Ultraviolet Irradiation: Ultraviolet (UV) irradiation is a common method of treating relatively low-flow water supplies. In this process, the water is passed over an ultraviolet lamp after it has been filtered. UV is effective in inactivating Cryptosporidium oocysts. Only momentary exposure is required to kill microorganisms, but this condition may not be met if the microorganisms are shielded by particles of sediment in the water. Furthermore, there is some evidence that certain bacteria may merely be inhibited in growth, rather than killed. Such bacteria, after a period of time, may recover and reproduce. Because ultraviolet irradiation does not involve the addition of chemicals, it leaves no residual, and the only costs in this process are the investment in equipment, replacement of ultraviolet bulbs, electrical power consumption, and the occasional cleaning of the bulb surfaces.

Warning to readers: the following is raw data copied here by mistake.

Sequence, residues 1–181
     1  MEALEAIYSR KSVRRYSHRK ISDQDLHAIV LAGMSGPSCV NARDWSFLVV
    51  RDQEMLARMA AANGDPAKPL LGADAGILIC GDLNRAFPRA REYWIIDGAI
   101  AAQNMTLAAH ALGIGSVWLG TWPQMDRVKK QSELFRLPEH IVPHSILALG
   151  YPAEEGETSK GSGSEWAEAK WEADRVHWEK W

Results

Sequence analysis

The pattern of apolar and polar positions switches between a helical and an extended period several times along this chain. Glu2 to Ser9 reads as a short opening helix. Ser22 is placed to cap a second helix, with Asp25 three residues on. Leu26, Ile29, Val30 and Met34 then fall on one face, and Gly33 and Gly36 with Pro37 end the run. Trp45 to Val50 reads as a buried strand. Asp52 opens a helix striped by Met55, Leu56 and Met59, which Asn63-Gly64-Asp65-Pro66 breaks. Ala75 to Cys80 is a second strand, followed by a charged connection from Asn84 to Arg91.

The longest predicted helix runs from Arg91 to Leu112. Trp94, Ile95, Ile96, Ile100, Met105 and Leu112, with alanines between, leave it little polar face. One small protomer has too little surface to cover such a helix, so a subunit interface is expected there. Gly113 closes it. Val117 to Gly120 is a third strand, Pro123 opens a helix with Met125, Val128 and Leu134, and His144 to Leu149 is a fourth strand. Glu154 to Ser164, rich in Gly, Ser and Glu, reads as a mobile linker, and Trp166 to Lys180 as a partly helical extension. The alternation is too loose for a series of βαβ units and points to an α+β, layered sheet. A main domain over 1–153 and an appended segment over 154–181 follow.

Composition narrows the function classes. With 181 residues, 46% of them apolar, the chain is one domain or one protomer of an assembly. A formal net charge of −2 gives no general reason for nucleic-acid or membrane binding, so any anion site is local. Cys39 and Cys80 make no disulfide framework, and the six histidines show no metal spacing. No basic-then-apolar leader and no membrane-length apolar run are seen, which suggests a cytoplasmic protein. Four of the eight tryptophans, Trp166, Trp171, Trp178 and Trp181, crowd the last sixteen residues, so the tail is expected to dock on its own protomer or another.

Note that neither ozone nor UV impart a residual disinfectant to the water. This is an important consideration when water must be stored for any length of time. Whereas a chlorine residual may be the result of good engineering design in a single residence, it is important to remember that it is mandated for potable application in public buildings.

A suggestion, ozonate the water entering storage tank followed by feeding a low concentration of liquid bleach to maintain a residual of 0.3-0.5mg/L free chlorine. For potable applications, activated carbon adsorption can be utilised at the point-of-use for chlorine removal.